Information technology has changed how we do just about everything. From online shopping and e-reservations to tele-health and e-government, we’ve become accustomed to having technology simplify and ease routine tasks. While technology has disrupted activities on the home front, it’s arguably in the workplace that it has had the greatest impact.
For human resources (HR), digital transformation implies adopting key technologies such as digital recruitment solutions, HR payroll systems, workforce engagement platforms and internal communication tools. As a CEO, CHRO, HR leader or other professional with HR responsibilities, you must leverage technology as an asset in HR management.
Nevertheless, simply throwing technology at HR challenges will not automatically result in the desired results. To ensure HR digital transformation, here are some practical tips.
1. Define Transformation Objectives
Assess your current HR processes. Identify areas of strength and weakness then envisage how you’d want your HR to look like after digital transformation. By defining the objectives of transformation from the get-go, you’ll have a razor-sharp focus on the things that matter. You can then devote time, energy and resources toward the realization of these goals.
That being said, the objectives shouldn’t be cast in stone. The organization, the market, regulations and available technology may change over the course of the transformation project. Be versatile and amend your objectives if that’s what’s needed to align with the new circumstances. Don’t hang on to a goal simply because you set it at the beginning if it no longer serves your organization’s transformation purpose.
2. Assemble a Team
HR digital transformation does not occur in a vacuum. Someone has to push through the project until the objectives are realized. Ergo, assemble a transformation team that will be in charge of the entire process with a project leader who’ll report progress to the CHRO, CEO and the rest of the executive.
The team must draw its representation from a broad range of disciplines and not just HR, IT, legal and compliance departments. HR processes affect every employee so it’s important that there’s all major business units have a voice. The team must also include one or more change management experts who have demonstrated an ability to breakdown resistance and motivate all employees to get onboard with the changes.
3. Develop Tactical and Strategic Plans
You have defined your objectives and created a digital transformation team. The next step is to document how the team will realize the objectives. Without clear tactical and strategic plans, the transformation team will be groping in the dark and relying on trial and error.
So starting with the goals you set out, breakdown the path to transformation into high-level and low-level plans that document each step of the way. Detail how each step feeds into the next one.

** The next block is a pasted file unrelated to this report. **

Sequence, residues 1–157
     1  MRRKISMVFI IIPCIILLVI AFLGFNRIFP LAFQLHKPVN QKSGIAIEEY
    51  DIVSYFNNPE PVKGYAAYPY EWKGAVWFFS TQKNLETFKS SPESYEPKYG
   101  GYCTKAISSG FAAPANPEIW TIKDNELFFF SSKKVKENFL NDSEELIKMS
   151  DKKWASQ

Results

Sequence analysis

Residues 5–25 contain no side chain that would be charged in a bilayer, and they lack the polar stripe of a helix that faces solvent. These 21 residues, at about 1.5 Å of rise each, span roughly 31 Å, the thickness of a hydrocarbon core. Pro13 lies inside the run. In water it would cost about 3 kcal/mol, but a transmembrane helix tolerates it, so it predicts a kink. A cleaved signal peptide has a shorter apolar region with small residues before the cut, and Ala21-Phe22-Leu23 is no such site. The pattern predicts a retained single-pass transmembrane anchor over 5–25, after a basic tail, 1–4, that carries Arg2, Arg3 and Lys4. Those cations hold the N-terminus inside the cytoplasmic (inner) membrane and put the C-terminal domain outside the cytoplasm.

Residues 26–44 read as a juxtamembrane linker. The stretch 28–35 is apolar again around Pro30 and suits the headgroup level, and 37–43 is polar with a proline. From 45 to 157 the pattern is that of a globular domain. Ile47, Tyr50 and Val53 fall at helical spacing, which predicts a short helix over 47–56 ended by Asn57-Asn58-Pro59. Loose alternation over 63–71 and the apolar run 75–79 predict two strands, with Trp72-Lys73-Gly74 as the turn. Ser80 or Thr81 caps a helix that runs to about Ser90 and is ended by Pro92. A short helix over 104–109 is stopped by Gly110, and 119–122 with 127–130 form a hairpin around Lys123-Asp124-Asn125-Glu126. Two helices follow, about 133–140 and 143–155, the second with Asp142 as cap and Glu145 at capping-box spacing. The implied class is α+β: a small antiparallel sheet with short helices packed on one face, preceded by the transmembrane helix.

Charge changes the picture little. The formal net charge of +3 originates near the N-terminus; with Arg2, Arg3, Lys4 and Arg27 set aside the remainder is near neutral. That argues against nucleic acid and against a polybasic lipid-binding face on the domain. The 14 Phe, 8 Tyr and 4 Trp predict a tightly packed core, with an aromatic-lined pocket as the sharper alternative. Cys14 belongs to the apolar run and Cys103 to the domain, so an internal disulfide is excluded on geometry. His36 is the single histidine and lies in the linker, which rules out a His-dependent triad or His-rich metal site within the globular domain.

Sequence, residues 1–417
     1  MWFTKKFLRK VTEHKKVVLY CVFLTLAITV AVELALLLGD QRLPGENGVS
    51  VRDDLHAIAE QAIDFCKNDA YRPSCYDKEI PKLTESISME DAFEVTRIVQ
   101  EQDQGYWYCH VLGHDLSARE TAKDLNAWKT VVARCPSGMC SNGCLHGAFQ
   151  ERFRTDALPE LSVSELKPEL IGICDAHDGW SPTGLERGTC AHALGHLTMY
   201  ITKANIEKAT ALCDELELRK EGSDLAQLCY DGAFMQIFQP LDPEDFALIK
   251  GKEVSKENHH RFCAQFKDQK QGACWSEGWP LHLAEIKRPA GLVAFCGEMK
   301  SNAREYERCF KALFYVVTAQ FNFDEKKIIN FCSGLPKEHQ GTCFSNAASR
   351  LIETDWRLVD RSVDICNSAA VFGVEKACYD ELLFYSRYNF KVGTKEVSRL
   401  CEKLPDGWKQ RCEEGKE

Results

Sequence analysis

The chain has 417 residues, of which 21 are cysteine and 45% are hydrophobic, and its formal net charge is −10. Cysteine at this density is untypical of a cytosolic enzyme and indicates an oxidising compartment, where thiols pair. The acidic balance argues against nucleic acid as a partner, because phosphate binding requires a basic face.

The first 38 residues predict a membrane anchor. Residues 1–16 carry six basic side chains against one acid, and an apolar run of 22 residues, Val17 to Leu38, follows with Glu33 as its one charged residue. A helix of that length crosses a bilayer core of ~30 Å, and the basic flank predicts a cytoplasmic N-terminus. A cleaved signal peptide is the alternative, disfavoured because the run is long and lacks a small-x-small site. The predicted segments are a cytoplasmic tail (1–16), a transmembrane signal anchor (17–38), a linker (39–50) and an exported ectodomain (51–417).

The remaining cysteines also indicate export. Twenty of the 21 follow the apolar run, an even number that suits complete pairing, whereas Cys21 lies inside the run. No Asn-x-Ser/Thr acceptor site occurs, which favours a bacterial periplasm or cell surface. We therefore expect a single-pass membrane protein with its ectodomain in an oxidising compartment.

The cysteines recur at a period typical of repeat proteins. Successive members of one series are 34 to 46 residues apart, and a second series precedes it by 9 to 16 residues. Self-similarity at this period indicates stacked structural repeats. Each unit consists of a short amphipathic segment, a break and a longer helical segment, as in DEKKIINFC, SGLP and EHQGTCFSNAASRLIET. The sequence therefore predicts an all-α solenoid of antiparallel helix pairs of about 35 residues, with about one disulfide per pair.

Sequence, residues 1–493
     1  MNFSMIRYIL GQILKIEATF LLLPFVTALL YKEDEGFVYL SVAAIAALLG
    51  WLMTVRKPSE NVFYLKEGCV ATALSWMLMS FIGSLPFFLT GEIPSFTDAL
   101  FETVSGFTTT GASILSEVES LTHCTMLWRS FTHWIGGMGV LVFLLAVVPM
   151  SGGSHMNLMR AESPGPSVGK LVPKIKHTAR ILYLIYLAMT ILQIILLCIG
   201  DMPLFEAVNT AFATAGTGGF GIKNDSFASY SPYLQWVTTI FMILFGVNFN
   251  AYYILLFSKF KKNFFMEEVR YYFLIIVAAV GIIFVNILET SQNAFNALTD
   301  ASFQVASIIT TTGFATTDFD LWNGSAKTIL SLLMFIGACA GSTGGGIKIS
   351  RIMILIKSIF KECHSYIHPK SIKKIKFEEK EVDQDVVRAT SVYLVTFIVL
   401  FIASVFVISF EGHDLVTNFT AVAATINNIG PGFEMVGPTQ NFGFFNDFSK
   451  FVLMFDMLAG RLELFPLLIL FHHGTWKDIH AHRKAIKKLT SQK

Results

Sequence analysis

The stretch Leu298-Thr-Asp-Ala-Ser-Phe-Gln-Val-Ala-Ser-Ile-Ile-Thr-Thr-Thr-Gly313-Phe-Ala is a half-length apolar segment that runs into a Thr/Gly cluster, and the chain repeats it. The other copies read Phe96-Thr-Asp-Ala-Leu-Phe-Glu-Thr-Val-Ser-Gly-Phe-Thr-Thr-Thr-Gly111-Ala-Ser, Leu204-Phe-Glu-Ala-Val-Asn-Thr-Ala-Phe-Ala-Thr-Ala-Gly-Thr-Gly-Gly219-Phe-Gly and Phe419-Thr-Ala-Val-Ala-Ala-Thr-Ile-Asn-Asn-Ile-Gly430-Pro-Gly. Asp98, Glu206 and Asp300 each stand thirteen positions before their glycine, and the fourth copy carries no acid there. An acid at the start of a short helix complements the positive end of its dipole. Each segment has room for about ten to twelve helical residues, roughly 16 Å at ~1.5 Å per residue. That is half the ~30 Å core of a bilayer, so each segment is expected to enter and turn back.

Just like your goals, your strategic and tactical plans shouldn’t be static. Keep your eyes open for new ways of doing things better. Be flexible enough to change course if the existing plan leads to a dead end.
4. Create the Right Stack
Information technology is at the heart of HR digital transformation. Building the right technology stack is therefore fundamental for transformation success. Based on your goals and plans, identify the apps and tools you need to execute the plan. Examine how the different tools work with one another and whether they are compatible. Whereas it’s possible for you to manually connect tools and apps, choosing a tech stack that’s integrated ab initio will make work easier and ensures you can hit the ground running.
Note that while the technical capabilities of the tools and apps you choose is vital, make sure they are user friendly. After all, the software will probably not be autonomous—they will be operated by humans. Choose apps that have an easy layout and intuitive workflow. An app that’s too complicated for end users is self-defeating irrespective of how sophisticated its features are.
5. Measure Results
You cannot manage what you cannot measure. So goes an adage of management. Monitoring the results of your transformation actions will show you whether you are hitting the milestones and how close you are to realizing your objectives.
Each metric should be connected to one or more transformation objectives. Nevertheless, while there’s no harm in having high level metrics that would illustrate the overall progress of the transformation project, ensure you have more granular metrics that can help you narrow down on bottlenecks.
HR digital transformation is not something an organization can attain overnight. While the transformation project is necessary, you must see it as a means of kickstarting change. Technology is constantly changing so transformation is more a continuous journey than it is a process with a finite end. Still, by applying these tips, you’ll increase your chances of successful transformation.